Scientists in many domains have received little attention in the previous two years or more, since the world has been focused on the emergency effort to create Covid-19 vaccines and therapies. However, laboratories and researchers have continued to publish a dizzying array of big discoveries and triumphs.
1. Nuclear Fusion
According to NPR, scientists at the Lawrence Livermore National Laboratory in California claimed in December that they had generated the first fusion reaction that produced more energy than it used. The long-awaited accomplishment marked a significant step in harnessing the process that powers the sun. “This significant milestone moves us one significant step closer” to “powering our society” with zero-carbon fusion energy, said Energy Secretary Jennifer Granholm.
Fusion is achieved by rapidly colliding two nuclei of a lightweight element, such as hydrogen, and causing them to fuse. According to Einstein’s formula E = mc2, the remaining mass is turned into a massive amount of energy. Unlike fission, which involves splitting atoms, fusion uses small amounts of ordinary fuel — the amount of hydrogen in a glass of water could provide enough energy for one person’s lifetime — and produces little radioactive waste, earning it the moniker “the holy grail for the future of nuclear power.”
2. The James Webb Telescope
The James Webb Space Telescope was named the magazine Popular Science’s Innovation of the Year in Aerospace Technology. Unlike the Hubble space telescope, which scanned the skies from low Earth orbit, the Webb telescope is stationed hundreds of thousands of miles away, in Earth’s shadow, where it is permanently hidden from sunlight, according to NASA. It is kept at the optimal temperature (-370 degrees Fahrenheit) for its infrared vision, and its view is further shielded by a multi-layer sunshield.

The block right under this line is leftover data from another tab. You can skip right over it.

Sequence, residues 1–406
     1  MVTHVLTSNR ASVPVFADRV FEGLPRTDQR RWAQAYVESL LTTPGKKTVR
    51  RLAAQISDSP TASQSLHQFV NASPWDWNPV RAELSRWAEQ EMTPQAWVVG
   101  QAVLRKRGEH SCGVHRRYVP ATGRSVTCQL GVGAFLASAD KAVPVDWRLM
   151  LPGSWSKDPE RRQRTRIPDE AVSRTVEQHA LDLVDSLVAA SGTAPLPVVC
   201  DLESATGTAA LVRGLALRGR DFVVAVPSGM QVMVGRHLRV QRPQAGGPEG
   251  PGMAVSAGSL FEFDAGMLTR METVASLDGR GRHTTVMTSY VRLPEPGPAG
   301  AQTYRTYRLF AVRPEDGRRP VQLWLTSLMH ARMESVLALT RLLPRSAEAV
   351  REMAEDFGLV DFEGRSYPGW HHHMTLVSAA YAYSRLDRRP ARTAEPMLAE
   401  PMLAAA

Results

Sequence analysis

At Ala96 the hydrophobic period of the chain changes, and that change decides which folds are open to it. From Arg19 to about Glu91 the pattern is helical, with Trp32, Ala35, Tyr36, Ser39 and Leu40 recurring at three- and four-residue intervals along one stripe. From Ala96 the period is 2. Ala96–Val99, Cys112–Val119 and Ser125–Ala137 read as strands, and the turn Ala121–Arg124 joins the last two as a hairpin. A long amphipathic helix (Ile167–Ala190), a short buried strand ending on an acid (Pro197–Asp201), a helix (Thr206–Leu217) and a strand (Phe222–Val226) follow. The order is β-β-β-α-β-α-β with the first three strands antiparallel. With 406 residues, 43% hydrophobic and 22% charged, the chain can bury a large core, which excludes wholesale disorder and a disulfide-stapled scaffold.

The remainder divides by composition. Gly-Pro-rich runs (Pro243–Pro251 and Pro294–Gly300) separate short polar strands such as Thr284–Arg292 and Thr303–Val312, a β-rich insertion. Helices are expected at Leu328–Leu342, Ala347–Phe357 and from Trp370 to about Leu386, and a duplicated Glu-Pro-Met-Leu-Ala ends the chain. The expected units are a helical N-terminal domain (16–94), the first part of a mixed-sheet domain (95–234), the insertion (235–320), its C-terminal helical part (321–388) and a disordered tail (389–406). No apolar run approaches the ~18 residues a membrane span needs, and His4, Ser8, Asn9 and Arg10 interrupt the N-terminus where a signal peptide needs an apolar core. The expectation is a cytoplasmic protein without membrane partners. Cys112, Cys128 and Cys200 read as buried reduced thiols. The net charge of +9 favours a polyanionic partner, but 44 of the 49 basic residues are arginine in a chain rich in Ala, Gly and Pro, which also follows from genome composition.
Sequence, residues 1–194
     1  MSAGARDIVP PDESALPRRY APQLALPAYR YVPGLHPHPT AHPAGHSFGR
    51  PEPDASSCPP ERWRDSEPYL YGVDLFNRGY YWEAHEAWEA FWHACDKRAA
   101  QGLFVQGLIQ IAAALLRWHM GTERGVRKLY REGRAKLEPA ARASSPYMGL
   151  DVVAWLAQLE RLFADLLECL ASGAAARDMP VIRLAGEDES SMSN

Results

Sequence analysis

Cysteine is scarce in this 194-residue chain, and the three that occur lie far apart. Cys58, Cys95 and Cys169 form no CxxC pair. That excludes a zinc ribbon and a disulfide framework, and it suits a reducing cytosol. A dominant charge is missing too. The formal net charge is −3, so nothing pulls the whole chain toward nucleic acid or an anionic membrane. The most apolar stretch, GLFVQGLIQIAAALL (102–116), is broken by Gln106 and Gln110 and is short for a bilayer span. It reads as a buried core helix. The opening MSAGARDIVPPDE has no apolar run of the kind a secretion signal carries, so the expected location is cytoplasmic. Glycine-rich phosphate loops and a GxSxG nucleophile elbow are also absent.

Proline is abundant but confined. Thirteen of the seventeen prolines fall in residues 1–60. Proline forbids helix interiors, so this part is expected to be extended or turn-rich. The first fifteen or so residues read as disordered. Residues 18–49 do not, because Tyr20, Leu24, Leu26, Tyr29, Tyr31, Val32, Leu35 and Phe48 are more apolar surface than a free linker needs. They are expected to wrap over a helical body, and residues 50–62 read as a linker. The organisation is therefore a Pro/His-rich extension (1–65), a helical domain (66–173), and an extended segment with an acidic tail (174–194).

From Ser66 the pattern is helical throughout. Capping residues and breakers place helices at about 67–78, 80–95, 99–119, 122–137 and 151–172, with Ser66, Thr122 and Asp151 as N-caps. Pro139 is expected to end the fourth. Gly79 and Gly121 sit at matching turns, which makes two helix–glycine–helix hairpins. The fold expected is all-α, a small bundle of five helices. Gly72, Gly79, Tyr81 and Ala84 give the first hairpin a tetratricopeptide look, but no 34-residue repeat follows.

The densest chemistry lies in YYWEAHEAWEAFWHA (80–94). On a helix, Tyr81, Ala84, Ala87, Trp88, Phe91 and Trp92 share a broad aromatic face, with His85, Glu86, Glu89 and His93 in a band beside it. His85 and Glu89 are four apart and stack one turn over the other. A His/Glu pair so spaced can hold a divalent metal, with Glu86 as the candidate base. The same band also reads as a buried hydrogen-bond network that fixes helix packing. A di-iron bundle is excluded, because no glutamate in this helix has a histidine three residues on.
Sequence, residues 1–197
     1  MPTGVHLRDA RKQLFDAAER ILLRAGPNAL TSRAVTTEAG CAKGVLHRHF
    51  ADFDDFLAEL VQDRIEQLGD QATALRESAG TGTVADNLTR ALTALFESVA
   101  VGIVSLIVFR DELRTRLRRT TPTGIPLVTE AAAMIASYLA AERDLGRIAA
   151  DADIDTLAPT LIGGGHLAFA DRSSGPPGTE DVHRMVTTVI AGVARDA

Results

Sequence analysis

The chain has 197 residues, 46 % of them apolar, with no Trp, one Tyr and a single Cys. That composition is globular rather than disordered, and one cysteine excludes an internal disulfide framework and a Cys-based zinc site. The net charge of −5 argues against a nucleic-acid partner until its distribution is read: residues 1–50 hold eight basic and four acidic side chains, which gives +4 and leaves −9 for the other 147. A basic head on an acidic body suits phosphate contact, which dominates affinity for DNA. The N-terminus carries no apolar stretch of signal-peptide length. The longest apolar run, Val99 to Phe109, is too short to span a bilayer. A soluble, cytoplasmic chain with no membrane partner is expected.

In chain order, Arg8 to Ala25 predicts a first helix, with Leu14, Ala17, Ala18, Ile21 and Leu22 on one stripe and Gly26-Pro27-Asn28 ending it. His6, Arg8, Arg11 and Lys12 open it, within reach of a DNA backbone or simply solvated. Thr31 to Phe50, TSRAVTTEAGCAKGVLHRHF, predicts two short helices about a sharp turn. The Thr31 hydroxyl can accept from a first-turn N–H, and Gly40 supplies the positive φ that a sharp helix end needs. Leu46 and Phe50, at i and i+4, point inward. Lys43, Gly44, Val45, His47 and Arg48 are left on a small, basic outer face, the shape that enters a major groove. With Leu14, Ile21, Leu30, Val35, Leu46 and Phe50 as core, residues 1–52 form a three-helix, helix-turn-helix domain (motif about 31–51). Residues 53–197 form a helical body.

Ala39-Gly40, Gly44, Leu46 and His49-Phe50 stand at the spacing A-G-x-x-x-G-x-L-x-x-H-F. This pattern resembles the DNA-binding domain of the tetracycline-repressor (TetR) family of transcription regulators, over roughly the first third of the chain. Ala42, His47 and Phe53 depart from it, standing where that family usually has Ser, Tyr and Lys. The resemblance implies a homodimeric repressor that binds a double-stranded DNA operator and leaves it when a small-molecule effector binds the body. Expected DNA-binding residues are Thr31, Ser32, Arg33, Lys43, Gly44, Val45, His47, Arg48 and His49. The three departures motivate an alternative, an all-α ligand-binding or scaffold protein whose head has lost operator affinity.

As a result, the $10 billion JWST “can see deep into fields of forming stars,” according to Popular Science. “It can look back 13 billion years and see ancient galaxies still in their infancy.” It can peer at exoplanets, viewing them directly where scientists had to recreate weak signs of their existence previously. It can educate us about the formation of stars and galaxies from primordial stuff, which Hubble could only glimpse.”
3. Transplant Promise
In the journal Nature, a group of Yale scientists revealed that they were successful in reviving cells in the hearts, livers, kidneys, and brains of pigs that had been dead in a lab for an hour. The researchers accomplished this feat by pumping a custom-made solution named OrganEx into the pigs’ bodies using a device similar to a heart-lung machine. The pigs’ hearts began to beat, sending the solution through their veins.
The pigs were not awakened, but their organs began to operate again, and they “never got stiff like a typical dead pig,” according to The New York Times. According to the Times, the researchers hope that their breakthrough would eventually assist boost the quantity of human organs available for donation by allowing doctors to extract viable organs from bodies long after death. The technology could also help to protect hearts from heart attacks and brains from strokes.
4. A Universal Flu Vaccine
Every year, fighting the flu provides a new challenge because influenza viruses are continually mutating. However, Scott Hensley of the University of Pennsylvania and his colleagues have developed a flu vaccine based on mRNA molecules — the same technology that Moderna, Pfizer, and BioNTech used to develop their COVID-19 vaccines. According to New Scientist, the vaccination induced antibody responses against all 20 known strains of influenza A and B in mouse tests, with effectiveness lasting four months. The results in ferret experiments were comparable, raising hopes that the universal vaccination could also work in humans.